The U.S. job market is now in the midst of goods-producing renaissance where jobs are shifting back to mining, construction and manufacturing.
Help Wanted, and Lots of It, on the Modern Factory Floor
As the U.S. economy continues its long recovery from the Great Recession, one bright spot has been a sector that, to listen to the cynics, you might think had packed up and fled the country. I'm talking about manufacturing. The truth is, U.S. manufacturing is a growth business. Since the end of the recession in 2009, manufacturing employment in this country has risen by nearly 1.3 million workers, to a total of more than 12.7 million jobs. And a quarter-million of those manufacturing jobs were added in the last 12 months alone, according to the latest government employment report.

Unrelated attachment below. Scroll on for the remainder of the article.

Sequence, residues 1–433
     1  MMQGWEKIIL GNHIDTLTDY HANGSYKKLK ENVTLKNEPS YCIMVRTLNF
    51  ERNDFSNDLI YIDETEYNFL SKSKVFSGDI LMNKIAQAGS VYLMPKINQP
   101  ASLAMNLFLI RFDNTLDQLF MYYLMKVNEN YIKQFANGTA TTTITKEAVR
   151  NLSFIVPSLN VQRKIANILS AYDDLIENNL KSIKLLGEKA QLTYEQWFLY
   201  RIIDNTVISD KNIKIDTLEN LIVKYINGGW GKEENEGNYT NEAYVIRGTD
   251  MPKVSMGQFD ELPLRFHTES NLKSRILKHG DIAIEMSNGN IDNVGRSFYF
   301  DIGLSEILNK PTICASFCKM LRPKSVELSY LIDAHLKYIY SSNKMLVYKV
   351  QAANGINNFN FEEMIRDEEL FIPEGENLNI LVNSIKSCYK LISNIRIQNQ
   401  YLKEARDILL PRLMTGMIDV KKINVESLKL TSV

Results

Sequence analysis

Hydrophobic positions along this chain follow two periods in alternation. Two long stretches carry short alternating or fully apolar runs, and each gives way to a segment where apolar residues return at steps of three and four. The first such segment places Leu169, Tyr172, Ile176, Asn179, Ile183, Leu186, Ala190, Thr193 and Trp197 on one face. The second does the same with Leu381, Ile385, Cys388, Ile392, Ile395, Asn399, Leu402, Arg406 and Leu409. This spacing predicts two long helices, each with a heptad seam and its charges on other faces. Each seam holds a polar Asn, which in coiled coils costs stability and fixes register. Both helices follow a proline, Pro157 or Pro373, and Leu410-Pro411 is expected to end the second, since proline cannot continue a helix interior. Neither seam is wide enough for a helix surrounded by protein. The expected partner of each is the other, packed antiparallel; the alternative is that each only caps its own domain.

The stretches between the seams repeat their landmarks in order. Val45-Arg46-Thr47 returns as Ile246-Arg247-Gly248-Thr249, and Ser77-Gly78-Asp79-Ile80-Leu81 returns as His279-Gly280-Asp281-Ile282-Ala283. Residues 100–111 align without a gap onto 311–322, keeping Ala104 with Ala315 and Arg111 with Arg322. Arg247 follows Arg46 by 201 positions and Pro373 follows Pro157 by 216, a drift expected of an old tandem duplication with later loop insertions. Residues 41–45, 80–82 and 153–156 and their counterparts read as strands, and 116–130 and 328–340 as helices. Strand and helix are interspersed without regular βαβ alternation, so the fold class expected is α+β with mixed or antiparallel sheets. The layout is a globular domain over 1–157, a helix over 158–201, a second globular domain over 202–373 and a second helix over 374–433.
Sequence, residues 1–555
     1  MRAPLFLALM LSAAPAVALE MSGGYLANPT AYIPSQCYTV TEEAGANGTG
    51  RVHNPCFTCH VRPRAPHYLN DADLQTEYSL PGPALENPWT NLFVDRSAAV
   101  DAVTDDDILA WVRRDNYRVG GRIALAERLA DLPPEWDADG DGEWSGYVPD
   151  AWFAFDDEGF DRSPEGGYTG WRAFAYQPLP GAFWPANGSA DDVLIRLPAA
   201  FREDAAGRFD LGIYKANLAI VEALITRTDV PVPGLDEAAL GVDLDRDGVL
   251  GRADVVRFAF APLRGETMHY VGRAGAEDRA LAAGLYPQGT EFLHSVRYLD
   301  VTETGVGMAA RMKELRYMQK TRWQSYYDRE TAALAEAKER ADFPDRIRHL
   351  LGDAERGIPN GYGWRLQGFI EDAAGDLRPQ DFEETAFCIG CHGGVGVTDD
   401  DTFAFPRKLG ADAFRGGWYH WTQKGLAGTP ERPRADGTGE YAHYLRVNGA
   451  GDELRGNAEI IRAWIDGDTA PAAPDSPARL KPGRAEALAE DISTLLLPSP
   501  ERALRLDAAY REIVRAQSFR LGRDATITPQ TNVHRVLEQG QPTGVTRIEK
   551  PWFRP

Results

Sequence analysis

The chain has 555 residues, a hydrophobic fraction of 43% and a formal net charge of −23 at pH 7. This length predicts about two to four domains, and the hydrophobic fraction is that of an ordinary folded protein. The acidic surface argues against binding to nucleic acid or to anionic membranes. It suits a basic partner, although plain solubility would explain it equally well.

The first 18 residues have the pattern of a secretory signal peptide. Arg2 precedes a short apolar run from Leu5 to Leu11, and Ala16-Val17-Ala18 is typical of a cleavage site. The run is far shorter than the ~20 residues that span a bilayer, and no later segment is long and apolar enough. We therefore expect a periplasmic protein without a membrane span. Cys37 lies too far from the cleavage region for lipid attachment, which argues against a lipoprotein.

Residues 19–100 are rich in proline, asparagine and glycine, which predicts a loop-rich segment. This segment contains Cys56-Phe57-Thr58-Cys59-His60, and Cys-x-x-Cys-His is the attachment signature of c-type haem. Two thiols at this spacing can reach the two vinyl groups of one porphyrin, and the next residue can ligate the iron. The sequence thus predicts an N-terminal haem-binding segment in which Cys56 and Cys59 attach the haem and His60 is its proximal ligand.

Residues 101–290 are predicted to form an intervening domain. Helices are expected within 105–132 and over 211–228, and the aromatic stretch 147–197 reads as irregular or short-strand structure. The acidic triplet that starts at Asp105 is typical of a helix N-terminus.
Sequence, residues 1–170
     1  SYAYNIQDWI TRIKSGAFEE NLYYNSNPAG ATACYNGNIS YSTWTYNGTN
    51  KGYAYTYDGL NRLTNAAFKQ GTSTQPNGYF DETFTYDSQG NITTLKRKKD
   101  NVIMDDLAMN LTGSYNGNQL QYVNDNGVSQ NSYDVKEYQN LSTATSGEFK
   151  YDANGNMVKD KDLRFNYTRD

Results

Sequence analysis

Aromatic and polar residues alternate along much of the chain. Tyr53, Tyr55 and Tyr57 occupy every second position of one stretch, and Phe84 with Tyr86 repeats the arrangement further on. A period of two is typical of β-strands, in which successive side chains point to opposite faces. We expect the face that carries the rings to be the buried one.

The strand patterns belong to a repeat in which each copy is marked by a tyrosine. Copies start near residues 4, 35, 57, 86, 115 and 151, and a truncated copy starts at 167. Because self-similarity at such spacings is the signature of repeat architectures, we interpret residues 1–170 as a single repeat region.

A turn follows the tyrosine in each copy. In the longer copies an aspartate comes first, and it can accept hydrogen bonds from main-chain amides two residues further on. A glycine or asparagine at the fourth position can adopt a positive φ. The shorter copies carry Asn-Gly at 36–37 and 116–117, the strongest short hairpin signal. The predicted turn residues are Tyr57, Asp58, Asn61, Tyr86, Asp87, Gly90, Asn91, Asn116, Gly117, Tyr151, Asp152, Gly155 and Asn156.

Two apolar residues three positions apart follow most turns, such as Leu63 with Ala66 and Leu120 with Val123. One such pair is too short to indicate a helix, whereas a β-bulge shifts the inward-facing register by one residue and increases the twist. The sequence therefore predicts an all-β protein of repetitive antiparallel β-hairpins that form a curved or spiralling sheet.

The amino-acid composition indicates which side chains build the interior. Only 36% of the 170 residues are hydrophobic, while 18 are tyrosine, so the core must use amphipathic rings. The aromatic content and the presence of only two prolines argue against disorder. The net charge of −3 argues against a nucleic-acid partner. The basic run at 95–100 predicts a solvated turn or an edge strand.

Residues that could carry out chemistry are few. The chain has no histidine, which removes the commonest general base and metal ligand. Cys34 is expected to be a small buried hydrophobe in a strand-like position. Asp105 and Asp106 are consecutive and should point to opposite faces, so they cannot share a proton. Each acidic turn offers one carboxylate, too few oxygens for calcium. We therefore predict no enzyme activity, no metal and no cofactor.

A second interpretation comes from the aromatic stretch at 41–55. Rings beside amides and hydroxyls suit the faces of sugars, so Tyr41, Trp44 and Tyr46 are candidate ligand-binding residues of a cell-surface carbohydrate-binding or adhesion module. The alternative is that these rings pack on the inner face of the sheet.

Full Speed Ahead: Manufacturing Continues to Grow
Economic activity in the manufacturing sector expanded again in August, say the nation's supply executives in the latest Manufacturing ISM Report On Business. The August PMI registered 61.3 percent, an increase of 3.2 percentage points from the July reading of 58.1 percent. PMI is an indicator of the economic health of the manufacturing sector; it's based on five major indicators: new orders, inventory levels, production, supplier deliveries and the employment environment. A reading above 50 percent indicates that the manufacturing economy is generally expanding; below 50 percent indicates that it is generally contracting.